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SafetyNurse1968 ADN, BSN, MSN, PhD

Oncology, Home Health, Patient Safety

If I were in charge of the universe, there would be staffing ratio laws and unions in every state and you'd get written up for NOT taking your breaks.

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SafetyNurse1968 has 20 years experience as a ADN, BSN, MSN, PhD and specializes in Oncology, Home Health, Patient Safety.

Kristi Sanborn Miller RN, PhD, CPPS, HNB-BC is A Patient Safety Specialist. She just finished her doctorate in nursing at East Tennessee State University. She is an Assistant Professor at the University of South Carolina -Upstate. She is also a mother of 4 and loves being in the woods of Western North Carolina, when she's not obsessing over patient safety research. Kristi is a board certified professional in patient safety, and a published author. She has over 10 years of experience in nursing in areas like oncology, integrative health and home health with over 20 years of experience in education.

SafetyNurse1968's Latest Activity

  1. SafetyNurse1968

    A Fracture from a Fall: What’s Going on Here? | Case Study

    She says she hit her head on a rock when she fell.
  2. SafetyNurse1968

    A Fracture from a Fall: What’s Going on Here? | Case Study

    When the patient is asked about contacting her daughter she says, "Oh dear me no, I don't want to bother her." She refuses to give any contact information for her daughter. Patient states, "I must have hit my head on a rock in the garden. The bruise is from running into a doorknob - I am so clumsy." Scans and more info coming... Thanks so much for all the questions and input.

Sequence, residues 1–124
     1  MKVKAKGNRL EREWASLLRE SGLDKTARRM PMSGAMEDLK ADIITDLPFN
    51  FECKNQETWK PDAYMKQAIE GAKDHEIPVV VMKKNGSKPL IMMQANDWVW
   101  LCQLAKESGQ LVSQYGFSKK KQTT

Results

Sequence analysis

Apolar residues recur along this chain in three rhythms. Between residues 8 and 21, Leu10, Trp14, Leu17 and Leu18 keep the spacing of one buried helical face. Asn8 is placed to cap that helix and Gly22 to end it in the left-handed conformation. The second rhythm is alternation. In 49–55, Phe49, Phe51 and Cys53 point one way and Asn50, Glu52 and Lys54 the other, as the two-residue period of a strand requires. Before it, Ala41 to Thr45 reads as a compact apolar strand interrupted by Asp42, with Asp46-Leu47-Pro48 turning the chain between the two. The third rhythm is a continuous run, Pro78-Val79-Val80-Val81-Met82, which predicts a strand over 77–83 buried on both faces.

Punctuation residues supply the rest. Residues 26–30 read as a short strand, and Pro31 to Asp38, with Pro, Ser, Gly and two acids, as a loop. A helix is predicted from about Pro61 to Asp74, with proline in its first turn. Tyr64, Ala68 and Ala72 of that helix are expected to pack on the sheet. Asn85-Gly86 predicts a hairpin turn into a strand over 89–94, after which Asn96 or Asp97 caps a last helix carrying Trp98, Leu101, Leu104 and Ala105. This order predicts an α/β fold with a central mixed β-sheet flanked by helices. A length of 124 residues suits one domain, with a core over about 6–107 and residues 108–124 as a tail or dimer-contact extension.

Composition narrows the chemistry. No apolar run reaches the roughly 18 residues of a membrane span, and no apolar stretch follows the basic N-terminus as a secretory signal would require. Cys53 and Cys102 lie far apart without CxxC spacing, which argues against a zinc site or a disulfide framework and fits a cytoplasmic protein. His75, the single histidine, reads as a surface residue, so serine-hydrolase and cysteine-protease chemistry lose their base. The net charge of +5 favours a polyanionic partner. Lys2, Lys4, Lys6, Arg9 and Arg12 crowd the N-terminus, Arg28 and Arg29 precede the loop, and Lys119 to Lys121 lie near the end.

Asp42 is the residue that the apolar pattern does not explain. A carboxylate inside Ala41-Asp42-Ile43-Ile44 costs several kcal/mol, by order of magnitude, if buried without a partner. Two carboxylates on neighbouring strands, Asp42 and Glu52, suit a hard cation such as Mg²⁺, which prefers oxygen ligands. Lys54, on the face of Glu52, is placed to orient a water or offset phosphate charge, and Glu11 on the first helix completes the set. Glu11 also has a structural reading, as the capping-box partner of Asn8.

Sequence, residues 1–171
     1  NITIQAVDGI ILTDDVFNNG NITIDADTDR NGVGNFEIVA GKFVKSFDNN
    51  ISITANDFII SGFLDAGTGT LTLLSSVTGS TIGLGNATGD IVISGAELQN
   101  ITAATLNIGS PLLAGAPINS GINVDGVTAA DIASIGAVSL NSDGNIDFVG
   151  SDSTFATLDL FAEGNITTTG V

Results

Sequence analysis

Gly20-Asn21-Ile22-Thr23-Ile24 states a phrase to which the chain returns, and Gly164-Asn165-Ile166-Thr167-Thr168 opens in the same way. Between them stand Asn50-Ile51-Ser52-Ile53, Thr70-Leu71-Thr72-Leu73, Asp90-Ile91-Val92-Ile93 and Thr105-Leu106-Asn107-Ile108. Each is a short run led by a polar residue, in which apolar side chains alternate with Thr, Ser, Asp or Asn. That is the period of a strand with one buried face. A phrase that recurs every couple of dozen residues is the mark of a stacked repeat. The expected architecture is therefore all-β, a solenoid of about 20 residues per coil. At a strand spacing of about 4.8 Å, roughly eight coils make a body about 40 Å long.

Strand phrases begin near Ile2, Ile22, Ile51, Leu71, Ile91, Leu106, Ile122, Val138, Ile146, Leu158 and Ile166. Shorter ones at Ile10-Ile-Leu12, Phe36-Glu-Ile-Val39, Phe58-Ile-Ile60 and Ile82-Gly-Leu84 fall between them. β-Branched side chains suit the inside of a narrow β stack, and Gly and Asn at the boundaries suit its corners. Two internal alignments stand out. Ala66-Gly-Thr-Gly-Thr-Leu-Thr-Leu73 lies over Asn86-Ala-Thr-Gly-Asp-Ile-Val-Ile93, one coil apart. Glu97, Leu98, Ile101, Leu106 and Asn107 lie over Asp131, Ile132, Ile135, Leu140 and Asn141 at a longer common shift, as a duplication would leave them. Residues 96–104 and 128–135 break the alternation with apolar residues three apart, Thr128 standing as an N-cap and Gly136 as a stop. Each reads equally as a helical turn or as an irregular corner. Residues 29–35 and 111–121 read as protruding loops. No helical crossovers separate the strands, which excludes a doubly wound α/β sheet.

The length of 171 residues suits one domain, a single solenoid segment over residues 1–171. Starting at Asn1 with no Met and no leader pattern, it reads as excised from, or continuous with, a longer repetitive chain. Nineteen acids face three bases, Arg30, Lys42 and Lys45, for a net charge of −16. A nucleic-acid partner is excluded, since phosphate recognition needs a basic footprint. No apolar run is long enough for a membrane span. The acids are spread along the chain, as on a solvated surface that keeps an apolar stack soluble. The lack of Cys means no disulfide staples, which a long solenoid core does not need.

3. Disclaimer: These case studies are presented for learning purposes only and with full understanding that it is outside the scope of practice for a nurse to make a medical diagnosis. When participating, assume that a licensed healthcare provider is making the actual diagnosis, ordering all the tests and interpreting the results. You are looking at the case retrospectively to learn from the data presented – the idea is to increase your knowledge so you can sharpen your assessment and teaching skills. If you think you know the correct diagnosis for this Case Study (CSI)... DO NOT POST ANSWER HERE. Instead, post your answer in the ADMIN HELP DESK.; We don't want to spoil it for others who are late in joining us. In a few days, after I post the diagnosis, the Admins will announce the names of those members who correctly identified the problem. We hope to turn this into a friendly competition with more Case Studies to come. You CAN post questions and post comments below. BUT... Do NOT post your diagnosis guess below. Chief Complaint “I was working in the garden, and I tripped and fell and hit my head. It was so stupid of me to leave my rake lying on the grass. I’m sorry to bother you, but I couldn’t get it to stop bleeding. I hope it’s not too bad.” General Appearance Patient is thin and appears her stated age. She is wearing clothing with frayed edges and there is a stain on her shirt. Her socks are mismatched. She moves slowly and carefully. She holds a bloodstained washcloth to her right temple. She doesn’t make eye contact and is restless – she fidgets and keeps folding and unfolding the sheet on the gurney. Past Medical History Occasional constipation Arthritis in hands and feet Depression Family History Both parents deceased, father died from CVA at age 77, Mother developed Alzheimer disease in late 70s and died when she was 83. Brother died from heart disease at age 72 Social History Lives with only daughter, age 53 Has been widowed for 15 years (husband died of cancer) Does not smoke or drink alcohol Medications Ibuprofen 200 mg q 4h PRN Docusate sodium 100 mg po BID Citalopram 20 mg PO qday Allergies Co-tromoxazole = rash Review of Systems: (only abnormal values presented) Skin Skin is pale and dry with senile lentigines, poor skin turgor HEENT Dentures present, small abrasion to right upper lip, patient states, “I can’t find my glasses.” Lungs/Thorax Mildly increased chest AP diameter with mild kyphosis Musculoskeletal Healing bruise noted on left upper arm Pain is rated at 7/10 in right temple and 5/10 in her hands and knees. “My arthritis is paining me today.” Upon examination, there appears to be a laceration to the right frontal lobe above the right eye, with a hairline fracture and a small amount of continuous bleeding. Vital Signs BP 141/93 sitting, RA 138/88 standing LA HR 90 (60-90) seated, 95 standing RR 20 (12-14) T 98.9oF HT 5’ 2” WT 95 lbs BMI 17.4 Laboratory Test Results (normal values) Na 146 meg/L (135-145) K 4.8 meq/L (3.5-5) Cl 111 (101-112) Mg 2.8 mg/dL (1.8-3) PO4 4.2 mg/dL (2.5-4.5) BUN 21 mg/dL (8-20) Cr 1.2 mg/dL (0.6-1.2) Ca 9.0 mh/dL (8.5-10.5) Hb 12.8 g/dL females (12-15.5) Hct 36.2% females (35-45%) Plt 290,000 cu/mm (150,000-450,000) WBC 8,000 x 103/mm3 (4,800- 10,800) Glu fasting 62 mg/dL (60-110) Total Protein 6.0 g/dL (6-8.3) Albumin 2.7 g/dL (3.4-4.7) Prealbumin 10 mg/dL (15-36) Urinalysis pH 6.2 (5-6.5) Specific gravity 1.035 (1.016-1.022) Negative for white/red blood cells, proteins, ketones,bacteria or glucose Urine is dark yellow with strong odor What is going on with this patient besides a fracture? What labs do you want? What other diagnostic tests should we run? Ask me some questions! REMEMBER: DON’T post the ANSWER HERE! Ask questions and I’ll give you more information.